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It was the draw of live coral that got me into this hobby but my pride and joy are my two Black Ocellaris and their host anemone. They are a wild-caught pair from Darwin Harbour in the Northern Territory,  Australia where this particular variation of ocellaris are native to. They came with a Stichodactyla gigantea carpet anemone which (according to the collector) was their natural host anemone. I have had them since mid February 2005.
The Happy Couple
Amphiprion Ocellaris 
These guys are so cool. The female is around 7cm, the male about 5cm. They rarely leave the safety of the anemone but this is not unnatural. They frolic around in the anemone and look so comfortable tucked up in it. 3 months after being added to the tank they spawned for the first time and seem content along with their anemone in their new home. They are fed daily (I do skip a day every now and again) a homemade combination of marinara mix, brine shrimp, nori and crushed flake.
Sunday 8th May 2005 (Mothers Day) they spawned for the first time approximately 50-100 eggs, as I had insufficient time to prepare the rotifers etc for raising the fry, the first batch failed (that's a nice way of saying died). A day after hatching they spawned again (approx 200 eggs), I crashed my rotifer culture at the vital moment and fed the larvae on Golden Pearls (100). Surprisingly enough although my success was not blinding I have managed to rear 2 juvenile clownfish from this batch. This is not a good success rate considering the 200 larvae I started with but does prove that it is possible to raise larvae without live food - possible, not productive however.

Since then I have now got the hang of maintaining the rotifers and the nannochloropsis, determined which was the best larvae tank setup for me and experimented with a number of different methods and came up with a formula which worked for me. I have detailed this in Tips for Breeding Clownfish .

The Twins
Carpet Anemone
Stichodactyla gigantea
Admittedly one of the harder anemones to keep but I have to add that these wild-caught pairs are hard to come by even in Australia. These were only available to me if I bought the anemone too. Kept in a 48x24x12 tank under a 400W metal halide. It gets the crumbs from the clowns daily but about once a week I direct feed it a piece of prawn. The anemone did not move since being placed in the tank, I took this as a positive indication that it was content in it's environment.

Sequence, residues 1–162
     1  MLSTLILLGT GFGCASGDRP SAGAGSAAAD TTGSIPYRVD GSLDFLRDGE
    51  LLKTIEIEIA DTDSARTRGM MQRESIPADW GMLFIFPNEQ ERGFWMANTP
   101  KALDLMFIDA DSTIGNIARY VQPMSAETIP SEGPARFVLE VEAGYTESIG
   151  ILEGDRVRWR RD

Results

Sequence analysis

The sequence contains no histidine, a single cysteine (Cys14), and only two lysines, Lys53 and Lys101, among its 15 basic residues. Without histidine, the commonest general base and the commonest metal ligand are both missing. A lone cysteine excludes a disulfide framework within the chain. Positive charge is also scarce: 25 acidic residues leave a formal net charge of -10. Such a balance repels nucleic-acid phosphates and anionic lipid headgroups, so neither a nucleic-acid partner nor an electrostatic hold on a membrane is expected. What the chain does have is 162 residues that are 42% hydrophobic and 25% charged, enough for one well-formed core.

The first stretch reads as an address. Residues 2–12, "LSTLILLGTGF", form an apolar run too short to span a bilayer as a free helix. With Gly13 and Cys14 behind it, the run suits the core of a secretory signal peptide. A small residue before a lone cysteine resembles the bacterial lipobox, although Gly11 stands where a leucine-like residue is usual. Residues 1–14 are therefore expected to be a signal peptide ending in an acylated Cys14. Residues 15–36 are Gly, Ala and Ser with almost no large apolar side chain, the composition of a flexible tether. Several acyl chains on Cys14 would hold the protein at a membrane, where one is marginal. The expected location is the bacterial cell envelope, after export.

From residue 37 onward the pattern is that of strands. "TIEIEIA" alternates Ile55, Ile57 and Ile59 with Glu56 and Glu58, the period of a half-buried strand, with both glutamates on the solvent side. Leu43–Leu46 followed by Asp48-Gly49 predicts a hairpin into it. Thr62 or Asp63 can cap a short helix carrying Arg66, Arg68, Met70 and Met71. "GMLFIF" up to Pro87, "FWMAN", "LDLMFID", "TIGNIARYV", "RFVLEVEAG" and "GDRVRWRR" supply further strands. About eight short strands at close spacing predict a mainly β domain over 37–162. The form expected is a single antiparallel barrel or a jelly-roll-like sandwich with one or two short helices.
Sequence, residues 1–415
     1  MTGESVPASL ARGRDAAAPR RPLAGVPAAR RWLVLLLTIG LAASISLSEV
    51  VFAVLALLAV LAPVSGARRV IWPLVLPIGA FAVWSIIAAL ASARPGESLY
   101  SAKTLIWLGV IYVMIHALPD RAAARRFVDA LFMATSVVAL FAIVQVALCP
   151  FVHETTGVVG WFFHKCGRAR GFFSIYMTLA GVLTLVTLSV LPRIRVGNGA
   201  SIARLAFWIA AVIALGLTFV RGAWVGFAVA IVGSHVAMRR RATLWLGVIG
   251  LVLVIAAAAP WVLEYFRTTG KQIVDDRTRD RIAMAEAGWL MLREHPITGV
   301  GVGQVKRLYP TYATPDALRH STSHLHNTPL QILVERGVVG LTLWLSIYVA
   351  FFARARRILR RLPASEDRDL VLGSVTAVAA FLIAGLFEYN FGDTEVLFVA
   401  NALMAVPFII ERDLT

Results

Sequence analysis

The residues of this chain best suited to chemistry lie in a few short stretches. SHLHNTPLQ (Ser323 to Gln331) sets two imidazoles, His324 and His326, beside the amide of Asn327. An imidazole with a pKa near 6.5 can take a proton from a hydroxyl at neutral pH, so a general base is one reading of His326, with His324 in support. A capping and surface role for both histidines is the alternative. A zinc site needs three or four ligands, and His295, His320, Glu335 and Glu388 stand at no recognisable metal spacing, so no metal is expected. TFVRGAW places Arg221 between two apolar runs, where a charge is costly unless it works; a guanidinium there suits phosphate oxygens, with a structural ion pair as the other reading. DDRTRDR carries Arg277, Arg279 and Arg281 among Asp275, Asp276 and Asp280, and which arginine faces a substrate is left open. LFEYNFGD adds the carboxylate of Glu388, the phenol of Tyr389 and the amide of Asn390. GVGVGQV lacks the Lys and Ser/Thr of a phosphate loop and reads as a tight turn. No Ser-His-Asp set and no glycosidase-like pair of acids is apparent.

Gallery
Some Photo's taken at feeding time.
48x24x12 tank , just over half dedicated to anemone & the ocellaris pair, remainder for pumps & coral propagation.

When we left Australia in 2006 I left the clowns and the anemone with some friends to look after for me, unfortunately the anemone didnt make it and died a couple of months after the move. Fortunately the clowns settled back down again after losing their home and are going strong now.
I will post up some photos when I can get some.

 

Reefing The Australian Way
Australian reefing forum, excellent resource.


Reefpedia
RTAW site, a searchable wki knowledgebase.
 

 

Oceanarium

Licensed WA collector, Pete & Leanne run an excellent business with a real focus on sustainable collection and propagation.
 

 

Reefculture

Great online source for equipment, supply food cultures.
 

 

ATJ's Marine Aquarium Site
Very comprehensive site, reliable source for accurate well-researched information.
 

 

Oz Reef

Great resource site with a comprehensive DIY section.
 

 

Reef Online

Another recommended online shop for marine products. 
 

 

Age Of Aquariums

Very good source for low budget pumps and equipment.
 

 

GARF (Coral Propogation)

The ultimate resource for coral propagation, a seemingly endless supply of articles on coral propagation showing step-by-step from fragging to grow-out.

All content & pictures Copyright Steve Strachan 2006, no pictures or content to be used without the authors permission.

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